Captives of the Flame
Silent as a sleeping serpent for sixty years, it spanned from the heart of Telphar to the royal palace of Toromon. From the ashes of the dead city to the island capital, it connected what once had been the two major cities, the only cities of Toromon. Today there was only one.
In Telphar, it soared above ashes and fallen roadways into the night.
Miles on, the edge of darkness paled before the morning and in the faint shadow of the transit ribbon, at the edge of a field of lava, among the whispering, yard-high ferns, sat row on row of squat shacks, cheerless as roosting macaws. They stood near the entrance of the tetron mines.
A few moments before, the light rain had stopped. Water dribbled down the supporting columns of the transit ribbon which made a black band on the fading night.
Now, six extraordinarily tall men left the edge of the jungle. They carried two corpses among them. Two of the tall men hung back to converse.
“The third one won’t get very far.”
“If he does,” said the other, “he’ll be the first one to get through the forest guards in twelve years.”
“I’m not worried about his escaping,” said the first. “But why have there been such an increase in attempts over the past year?”
The other one laughed. Even in the dull light, the three scars that ran down the side of his face and neck were visible. “The orders for tetron have nearly doubled.”
“I wonder just what sort of leeches in Toron make their living off these miserable--” He didn’t finish, but pointed ahead to the corpses.
“The hydroponic growers, the aquarium manufacturers,” answered the man with the scars. “They’re the ones who use the ore. Then, of course, there’s the preparation for the war.”
“They say that since the artificial food growers have taken over, the farmers and fishermen near the coast are being starved out. And with the increased demand for tetron, the miners are dying off like flies here at the mine. Sometimes I wonder how they supply enough prisoners.”
“They don’t,” said the other. Now he called out. “All right. Just drop them there, in front of the cabins.”
The rain had made the ground mud. Two dull splashes came through the graying morning. “Maybe that’ll teach them some sort of lesson,” said the first.
“Maybe,” shrugged the one with the scars.
Now they turned back toward the jungle.
Soon, streaks of light speared the yellow clouds and pried apart the billowing rifts. Shafts of yellow sank into the lush jungles of Toromon, dropping from wet, green fronds, or catching on the moist cracks of boulders. Then the dawn snagged on the metal ribbon that arced over the trees, and webs of shadow from the immense supporting pylons fell across the few, gutted lava beds that dotted the forest.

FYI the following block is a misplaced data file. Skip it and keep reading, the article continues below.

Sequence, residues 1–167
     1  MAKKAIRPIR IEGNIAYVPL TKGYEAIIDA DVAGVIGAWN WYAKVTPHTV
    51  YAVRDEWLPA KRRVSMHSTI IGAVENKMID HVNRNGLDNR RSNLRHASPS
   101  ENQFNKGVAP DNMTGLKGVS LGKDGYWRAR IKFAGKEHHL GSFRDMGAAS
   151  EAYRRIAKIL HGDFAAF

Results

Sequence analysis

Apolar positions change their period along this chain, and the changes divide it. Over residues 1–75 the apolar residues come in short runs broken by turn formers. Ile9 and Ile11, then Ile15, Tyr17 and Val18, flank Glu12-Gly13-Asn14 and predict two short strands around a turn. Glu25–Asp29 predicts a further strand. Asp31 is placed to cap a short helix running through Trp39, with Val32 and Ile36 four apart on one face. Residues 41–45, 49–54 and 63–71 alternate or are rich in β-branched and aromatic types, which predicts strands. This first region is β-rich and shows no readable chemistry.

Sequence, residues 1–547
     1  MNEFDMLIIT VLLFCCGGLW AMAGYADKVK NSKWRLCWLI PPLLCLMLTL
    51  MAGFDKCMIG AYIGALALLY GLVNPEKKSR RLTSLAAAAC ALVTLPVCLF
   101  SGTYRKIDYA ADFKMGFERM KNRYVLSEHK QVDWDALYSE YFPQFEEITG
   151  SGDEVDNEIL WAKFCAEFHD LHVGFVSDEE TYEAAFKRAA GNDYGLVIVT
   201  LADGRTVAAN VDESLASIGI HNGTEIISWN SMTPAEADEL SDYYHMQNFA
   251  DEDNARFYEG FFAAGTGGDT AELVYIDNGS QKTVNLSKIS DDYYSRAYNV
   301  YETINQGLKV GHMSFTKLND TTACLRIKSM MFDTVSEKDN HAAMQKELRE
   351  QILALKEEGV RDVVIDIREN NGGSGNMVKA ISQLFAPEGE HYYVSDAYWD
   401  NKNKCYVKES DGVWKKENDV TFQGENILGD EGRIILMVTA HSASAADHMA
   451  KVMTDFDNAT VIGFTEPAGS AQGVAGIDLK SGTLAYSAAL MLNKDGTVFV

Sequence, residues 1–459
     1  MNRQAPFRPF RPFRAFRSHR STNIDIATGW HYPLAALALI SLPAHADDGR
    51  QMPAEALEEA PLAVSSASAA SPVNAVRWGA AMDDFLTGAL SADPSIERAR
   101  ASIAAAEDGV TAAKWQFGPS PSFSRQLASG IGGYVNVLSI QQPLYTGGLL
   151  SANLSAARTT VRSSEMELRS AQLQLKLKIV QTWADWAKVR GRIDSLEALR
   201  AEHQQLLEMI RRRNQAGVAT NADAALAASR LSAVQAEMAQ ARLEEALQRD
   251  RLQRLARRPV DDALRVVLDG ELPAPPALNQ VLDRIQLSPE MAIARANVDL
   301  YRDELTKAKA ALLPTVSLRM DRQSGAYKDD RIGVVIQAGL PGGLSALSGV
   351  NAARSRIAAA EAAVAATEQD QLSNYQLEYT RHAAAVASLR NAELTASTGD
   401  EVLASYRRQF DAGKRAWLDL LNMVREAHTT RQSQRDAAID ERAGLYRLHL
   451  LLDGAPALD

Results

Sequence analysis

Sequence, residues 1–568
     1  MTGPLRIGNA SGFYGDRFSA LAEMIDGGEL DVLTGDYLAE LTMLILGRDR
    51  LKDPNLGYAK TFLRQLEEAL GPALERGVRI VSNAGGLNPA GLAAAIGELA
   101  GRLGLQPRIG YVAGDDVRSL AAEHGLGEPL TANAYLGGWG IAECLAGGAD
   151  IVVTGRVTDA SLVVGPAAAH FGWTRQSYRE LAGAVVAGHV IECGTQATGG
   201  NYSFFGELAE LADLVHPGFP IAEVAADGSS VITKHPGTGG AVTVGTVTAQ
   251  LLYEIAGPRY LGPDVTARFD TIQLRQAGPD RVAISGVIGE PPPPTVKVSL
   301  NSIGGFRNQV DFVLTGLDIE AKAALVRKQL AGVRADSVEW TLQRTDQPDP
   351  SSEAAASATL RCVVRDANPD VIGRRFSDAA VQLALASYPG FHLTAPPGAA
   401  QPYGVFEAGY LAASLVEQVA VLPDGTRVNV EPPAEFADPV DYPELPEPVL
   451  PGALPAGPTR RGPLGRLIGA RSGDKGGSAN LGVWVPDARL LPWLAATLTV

A formation of airships flashed through a tear in the clouds like a handful of hurled, silver chips. As the buzz from their tetron motors descended through the trees, Quorl, the forest guard, stretched his seven-foot body and rolled over, crushing leaves beneath his shoulder. Instinctively his stomach tensed. But silence had returned. With large, yellow-brown eyes, he looked about the grove in which he had spent the night. His broad nostrils flared even wider. But the air was still, clean, safe. Above, the metal ribbon glinted. Quorl lay back on the dried leaves once more.
As dawn slipped across the jungle, more and more of the ribbon caught fire from beneath the receding shadows, till at last it soared above the yellow crescent of sand that marked the edge of the sea.
Fifty yards down the beach from the last supporting pylon whose base still sat on dry land, Cithon, the fisherman, emerged from his shack.
“Tel?” he called. He was a brown, wiry man whose leathery face was netted with lines from sand and wind. “Tel?” he called once more. Now he turned back into the cottage. “And where has the boy gotten off to now?”
Grella had already seated herself at the loom, and her strong hands now began to work the shuttle back and forth while her feet stamped the treadle.
“Where has he gone?” Cithon demanded.
“He went out early this morning,” Grella said quietly. She did not look at her husband. She watched the shuttle moving back and forth, back and forth between the green and yellow threads.
“I can see he’s gone out,” Cithon snapped. “But where? The sun is up. He should be out with me on the boat. When will he be back?”
Grella didn’t answer.
“When will he be back?” Cithon demanded.
“I don’t know.”
Outside there was a sound, and Cithon turned abruptly and went to the side of the shack.
The boy was leaning over the water trough, sloshing his face.
The boy looked up quickly at his father. He was perhaps fourteen, a thin child, with a shock of black hair, yet eyes as green as the sea. Fear had widened them now.
“Where were you?”